Difference between revisions of "Development/Tutorials/Debugging/Shared Memory Usage in KDE"

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This article helps understanding UNIX memory management. In UNIX a process uses basically three kinds of memory segments: '''shared memory segments''', '''code segments''' and '''data segments'''.
{{Moved To Community | Guidelines_and_HOWTOs/Debugging }}
= Terms =
'''Shared memory''' is used by shared libraries. This memory is shared
by all processes which use a certain library. Unfortunately there is no
easy way to determine how much shared memory is used by how many processes.
So a process can use 10Mb of shared memory, but you don't know whether this
memory is shared with 1, 2 or 10 processes. So if you have 10 processes who
each use 10Mb of shared memory this actually requires 10Mb in the best case
and 100Mb in the worst case.
'''Code segments''' contain the actual executable code of your program.
This memory is shared by all processes of this same program. If you start
your program 5 times, it needs to load the code segment of your program
only once.
'''Data segments''' contain the data of your program. This kind of memory
is very important because the data segments of a process are not shared
with other processes. Starting the same program 5 times makes that the data
segments are 5 times in memory.
The size reported by [http://man-wiki.net/index.php/Ps ps auxf] is typically just the numbers for shared, code and
data added. This is not a very accurate representation of the memory usage
of an application.
KDE applications tend to be reported as quite large because the numbers
reported include the size of the shared memory segments. This size is
added to the size of each KDE application while in practice the shared
memory segments appear in memory only once. This is rather illusive,
imagine how the output of ps would look like if it included the size of
the UNIX kernel for each process!
Instead of looking at the output of ps you get a better idea of the actual
memory usage of an application by looking at the output of
cat /proc/<pid-of-process>/status.
= Example program =
To demonstrate this, let's write a memory leaking program:
<syntaxhighlight lang="cpp-qt">
#include <KAboutData>
#include <KApplication>
#include <KCmdLineArgs>
#include <KMessageBox>
int main (int argc, char *argv[])
    KAboutData aboutData( "tutorial1", 0, ki18n("Tutorial 1"), "1.0",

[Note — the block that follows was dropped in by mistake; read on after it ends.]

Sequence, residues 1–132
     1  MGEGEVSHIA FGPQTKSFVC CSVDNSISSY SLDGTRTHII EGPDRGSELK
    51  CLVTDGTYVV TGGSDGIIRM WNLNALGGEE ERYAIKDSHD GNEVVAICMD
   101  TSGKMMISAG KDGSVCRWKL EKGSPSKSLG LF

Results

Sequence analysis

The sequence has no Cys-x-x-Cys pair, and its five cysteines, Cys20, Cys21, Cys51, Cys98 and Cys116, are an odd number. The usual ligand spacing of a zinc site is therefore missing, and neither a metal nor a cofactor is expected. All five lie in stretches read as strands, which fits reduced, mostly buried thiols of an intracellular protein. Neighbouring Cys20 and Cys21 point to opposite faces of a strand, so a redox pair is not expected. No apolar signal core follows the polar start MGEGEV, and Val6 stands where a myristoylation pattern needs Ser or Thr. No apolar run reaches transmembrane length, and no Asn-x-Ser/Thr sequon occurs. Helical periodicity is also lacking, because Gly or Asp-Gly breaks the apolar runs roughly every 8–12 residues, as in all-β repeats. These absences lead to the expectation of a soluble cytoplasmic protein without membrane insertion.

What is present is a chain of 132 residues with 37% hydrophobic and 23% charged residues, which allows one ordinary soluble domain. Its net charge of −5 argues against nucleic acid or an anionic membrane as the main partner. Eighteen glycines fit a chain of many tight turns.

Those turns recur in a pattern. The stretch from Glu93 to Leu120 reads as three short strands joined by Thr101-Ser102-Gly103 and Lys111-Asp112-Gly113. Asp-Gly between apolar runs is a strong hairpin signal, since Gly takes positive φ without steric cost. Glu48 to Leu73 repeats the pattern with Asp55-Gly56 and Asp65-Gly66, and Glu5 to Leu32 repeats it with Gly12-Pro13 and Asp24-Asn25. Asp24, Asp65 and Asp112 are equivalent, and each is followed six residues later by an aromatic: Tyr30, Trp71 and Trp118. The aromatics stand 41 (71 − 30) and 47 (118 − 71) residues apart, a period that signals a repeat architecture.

ki18n("Displays a KMessageBox popup") );
    KCmdLineArgs::init( argc, argv, &aboutData );
    KApplication app;
    for ( int i=0; i<100000; i++ ) new QString();
    KMessageBox::questionYesNo( 0, i18n( "Hello World" ) );
    int* i;
    return 0;
<syntaxhighlight lang="cmake">
project (tutorial1)
find_package(KDE4 REQUIRED)
include (KDE4Defaults)
set(tutorial1_SRCS main.cpp)
kde4_add_executable(tutorial1 ${tutorial1_SRCS})
target_link_libraries(tutorial1 ${KDE4_KDEUI_LIBS})
Compile and link this program:
<syntaxhighlight lang="bash">
cmake . && make -j4
Run it:
<syntaxhighlight lang="bash">
./tutorial1 &
[3] 22733
In this case the program gets the process ID 22733. We look at its memory consumption:
cat /proc/22733/status
VmRSS:    19772 kB
VmData:    5776 kB
VmStk:        84 kB
VmExe:        8 kB
VmLib:    26804 kB
If we change the "100000" in the program code to "1", we get a different picture:
VmRSS:    16624 kB
VmData:    2652 kB
VmStk:        84 kB
VmExe:        8 kB
VmLib:    26804 kB
So we see the heap is counted to <tt>VmData</tt> and contained in <tt>VmRSS</tt>.
== Why is it so big ==
Probably VmLib is so big because it contains all library code in memory needed for KDE. Let's see what the loader thinks are our program's dependencies:
# ldd tutorial1
        linux-vdso.so.1 =>  (0x00007fff739f3000)
        libkdeui.so.5 => /usr/local/lib64/libkdeui.so.5 (0x00007fdb6448c000)
        libkdecore.so.5 => /usr/local/lib64/libkdecore.so.5 (0x00007fdb63f31000)
        libQtDBus.so.4 => /usr/local/lib64/libQtDBus.so.4 (0x00007fdb63cb5000)
        libQtCore.so.4 => /usr/local/lib64/libQtCore.so.4 (0x00007fdb6380b000)